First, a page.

[Date Prev][Date Next][Thread Prev][Thread Next][Date Index][Thread Index]
[FYI] Legal battles: DVD Crypto War
- To: firstname.lastname@example.org
- Subject: [FYI] Legal battles: DVD Crypto War
- From: "Axel H Horns" <email@example.com>
- Date: Fri, 19 Nov 1999 19:40:36 +0200
- Comment: This message comes from the debate mailing list.
- Organization: PA Axel H Horns
- Reply-to: firstname.lastname@example.org
- Sender: email@example.com
------------------------------ CUT ----------------------------------
Movie trade group tries to block DVD cracking tool
By Courtney Macavinta
Staff Writer, CNET News.com
November 18, 1999, 12:50 p.m. PT
In a major test of a new copyright law, the Motion Picture
Association of America is hunting down and eliminating from the Net a
program that cracks the security on DVDs.
The motion picture industry was rocked earlier this month when
programmers discovered a way to remove anti-copying features from DVD
versions of hundreds of copyrighted works.
But the Motion Picture Association of America (MPAA), which lobbies
for the major U.S. studios' political and financial interests,
appears to be having success in convincing Web sites to remove the
utility. Called DeCSS, the program can crack the encryption code in
the DVD Content Scrambling System, allowing people to make
unauthorized copies of digital movies to play on their computers or
The MPAA has sent cease and desist letters to numerous Web sites,
citing the Digital Millennium Copyright Act, which passed last
October. The DMCA made it a crime to create, sell or distribute any
technology that could be used to break copyright-protection devices.
"The MPAA takes seriously any unauthorized compromises of encryption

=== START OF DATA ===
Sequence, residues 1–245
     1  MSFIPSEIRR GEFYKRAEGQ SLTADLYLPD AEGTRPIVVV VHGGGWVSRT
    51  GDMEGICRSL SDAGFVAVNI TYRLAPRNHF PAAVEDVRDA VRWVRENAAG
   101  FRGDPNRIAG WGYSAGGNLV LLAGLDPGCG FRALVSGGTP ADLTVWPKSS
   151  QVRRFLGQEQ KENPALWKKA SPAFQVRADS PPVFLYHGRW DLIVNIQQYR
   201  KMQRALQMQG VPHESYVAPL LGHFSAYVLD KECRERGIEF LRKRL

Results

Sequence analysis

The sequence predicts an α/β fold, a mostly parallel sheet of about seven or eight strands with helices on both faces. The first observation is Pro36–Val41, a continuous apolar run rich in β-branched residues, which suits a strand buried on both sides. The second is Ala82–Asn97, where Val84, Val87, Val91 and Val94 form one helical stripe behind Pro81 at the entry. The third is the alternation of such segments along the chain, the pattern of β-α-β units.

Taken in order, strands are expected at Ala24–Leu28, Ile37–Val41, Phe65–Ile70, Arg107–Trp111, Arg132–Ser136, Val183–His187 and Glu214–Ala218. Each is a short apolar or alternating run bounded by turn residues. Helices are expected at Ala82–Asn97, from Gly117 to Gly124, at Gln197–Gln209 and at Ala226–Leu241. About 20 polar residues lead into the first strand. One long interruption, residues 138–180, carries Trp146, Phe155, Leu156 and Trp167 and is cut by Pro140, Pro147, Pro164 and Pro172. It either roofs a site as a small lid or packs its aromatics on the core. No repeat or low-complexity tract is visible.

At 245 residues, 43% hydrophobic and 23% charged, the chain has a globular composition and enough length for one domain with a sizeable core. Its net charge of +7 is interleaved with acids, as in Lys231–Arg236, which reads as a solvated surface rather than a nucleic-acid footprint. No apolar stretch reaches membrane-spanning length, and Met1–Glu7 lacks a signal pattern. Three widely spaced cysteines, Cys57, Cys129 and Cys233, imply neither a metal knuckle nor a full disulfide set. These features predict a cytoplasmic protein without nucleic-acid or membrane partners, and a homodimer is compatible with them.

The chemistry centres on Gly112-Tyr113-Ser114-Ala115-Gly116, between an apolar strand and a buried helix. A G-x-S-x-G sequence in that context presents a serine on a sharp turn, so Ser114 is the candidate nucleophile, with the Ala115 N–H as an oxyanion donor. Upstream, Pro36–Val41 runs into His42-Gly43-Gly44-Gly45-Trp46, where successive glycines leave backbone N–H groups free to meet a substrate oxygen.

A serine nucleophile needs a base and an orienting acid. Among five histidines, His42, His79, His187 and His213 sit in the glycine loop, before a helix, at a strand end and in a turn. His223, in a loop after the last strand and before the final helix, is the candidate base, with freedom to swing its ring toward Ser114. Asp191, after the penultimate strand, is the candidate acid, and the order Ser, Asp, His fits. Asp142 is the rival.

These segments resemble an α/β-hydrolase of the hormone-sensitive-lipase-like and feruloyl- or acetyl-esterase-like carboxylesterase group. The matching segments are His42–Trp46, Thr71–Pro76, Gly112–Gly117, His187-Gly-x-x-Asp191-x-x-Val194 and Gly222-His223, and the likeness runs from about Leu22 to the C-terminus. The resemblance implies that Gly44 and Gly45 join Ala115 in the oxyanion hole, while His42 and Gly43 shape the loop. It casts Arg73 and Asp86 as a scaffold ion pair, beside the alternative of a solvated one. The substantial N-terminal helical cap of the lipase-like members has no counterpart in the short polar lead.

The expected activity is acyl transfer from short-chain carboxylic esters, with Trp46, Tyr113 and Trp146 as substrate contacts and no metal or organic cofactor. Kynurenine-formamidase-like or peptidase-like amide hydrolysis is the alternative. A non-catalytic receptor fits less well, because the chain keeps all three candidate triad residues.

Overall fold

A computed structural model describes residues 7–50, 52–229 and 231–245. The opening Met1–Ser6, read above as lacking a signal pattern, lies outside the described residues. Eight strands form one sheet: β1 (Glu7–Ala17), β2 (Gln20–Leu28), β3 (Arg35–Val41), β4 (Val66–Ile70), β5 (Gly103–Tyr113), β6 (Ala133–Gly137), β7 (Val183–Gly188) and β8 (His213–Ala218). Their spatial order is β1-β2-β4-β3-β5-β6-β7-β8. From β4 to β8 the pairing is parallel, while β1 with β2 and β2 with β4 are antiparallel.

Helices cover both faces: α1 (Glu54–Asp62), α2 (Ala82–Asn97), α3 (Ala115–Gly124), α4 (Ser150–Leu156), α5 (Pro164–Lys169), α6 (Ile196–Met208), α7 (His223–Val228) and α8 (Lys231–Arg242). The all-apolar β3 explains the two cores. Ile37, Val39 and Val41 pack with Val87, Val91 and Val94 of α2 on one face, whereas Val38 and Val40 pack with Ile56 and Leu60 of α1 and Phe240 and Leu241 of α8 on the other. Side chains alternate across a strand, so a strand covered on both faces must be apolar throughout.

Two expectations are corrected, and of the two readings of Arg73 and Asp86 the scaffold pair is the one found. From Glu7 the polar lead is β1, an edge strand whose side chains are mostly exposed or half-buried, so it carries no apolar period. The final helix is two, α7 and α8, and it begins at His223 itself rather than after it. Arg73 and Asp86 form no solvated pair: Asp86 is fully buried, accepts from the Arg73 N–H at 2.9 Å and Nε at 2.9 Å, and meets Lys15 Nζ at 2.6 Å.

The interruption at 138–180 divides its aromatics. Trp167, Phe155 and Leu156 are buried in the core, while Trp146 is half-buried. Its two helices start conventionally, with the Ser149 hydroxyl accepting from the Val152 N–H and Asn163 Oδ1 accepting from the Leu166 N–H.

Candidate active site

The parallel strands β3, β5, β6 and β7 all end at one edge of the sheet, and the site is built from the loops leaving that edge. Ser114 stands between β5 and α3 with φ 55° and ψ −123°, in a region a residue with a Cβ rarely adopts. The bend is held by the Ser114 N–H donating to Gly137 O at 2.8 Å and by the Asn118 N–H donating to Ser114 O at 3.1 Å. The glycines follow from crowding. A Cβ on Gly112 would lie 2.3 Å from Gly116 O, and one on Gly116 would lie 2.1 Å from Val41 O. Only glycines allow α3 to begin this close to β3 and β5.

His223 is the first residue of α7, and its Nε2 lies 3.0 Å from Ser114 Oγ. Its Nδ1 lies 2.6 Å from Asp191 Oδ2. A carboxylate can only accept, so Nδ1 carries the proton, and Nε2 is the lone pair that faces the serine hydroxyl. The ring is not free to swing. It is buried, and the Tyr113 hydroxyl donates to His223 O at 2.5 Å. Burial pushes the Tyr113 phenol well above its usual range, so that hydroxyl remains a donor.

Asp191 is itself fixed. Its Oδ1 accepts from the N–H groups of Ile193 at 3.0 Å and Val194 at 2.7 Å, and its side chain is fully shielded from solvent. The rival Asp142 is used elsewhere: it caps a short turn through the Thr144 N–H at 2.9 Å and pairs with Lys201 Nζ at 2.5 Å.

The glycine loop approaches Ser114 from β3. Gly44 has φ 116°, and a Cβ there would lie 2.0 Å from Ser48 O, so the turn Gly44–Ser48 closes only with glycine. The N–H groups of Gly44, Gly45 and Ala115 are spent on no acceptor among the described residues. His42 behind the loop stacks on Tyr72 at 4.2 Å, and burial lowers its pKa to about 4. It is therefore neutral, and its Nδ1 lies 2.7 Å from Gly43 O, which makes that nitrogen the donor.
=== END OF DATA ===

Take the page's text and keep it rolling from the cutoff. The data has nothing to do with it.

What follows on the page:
technology," said the association's spokesman, Rich Taylor, who
declined to comment further on the issue.
For now the MPAA is not going after people who actually use DeCSS to
make illegal copies of DVDs because the law is not on its side--yet.
The Digital Millennium Copyright Act did make it a crime to crack
copyright-protection devices, with violators being charged up to
$2,500 per act of circumvention. But that part of the law hasn't gone
into effect yet, because it created exemptions for research,
engineering and education that still have to be worked out by an
interagency rule-making group.
"The rule making will begin shortly, and after that is when you could
face criminal penalties," said Skip Lockwood, spokesman for the
Digital Future Coalition, which wants to ensure that the new law
doesn't infringe on educators' "fair use" rights to access
In the meantime, many of the Web site operators the MPAA has
contacted have complied and removed DeCSS, according to their sites--
including DVD Utilities Network and a DVD information site in Norway
where there is a similar law.
CNET Download.com also published the program. Almost 5,000 copies
were downloaded before the site removed DeCSS yesterday in response
to the MPAA's letter, the company confirmed. (CNET is the publisher
Some who published DeCSS said they don't promote piracy, and the MPAA
shouldn't attack those who are building the market for DVDs and
"rippers" that allow consumers to make legal copies of the discs in
"We all know that those rippers are available at 300 different sites
over the Internet," the DVD Utilities Network stated on its site.
"The MPAA should be more careful when attacking trendmakers and
Movie fans agree. Andrew Markham, who cracked the security on his DVD
copy of "The Matrix," argues that he owns the disk and should be able
to make copies of it for his own use.
-------------------------------- CUT ---------------------------------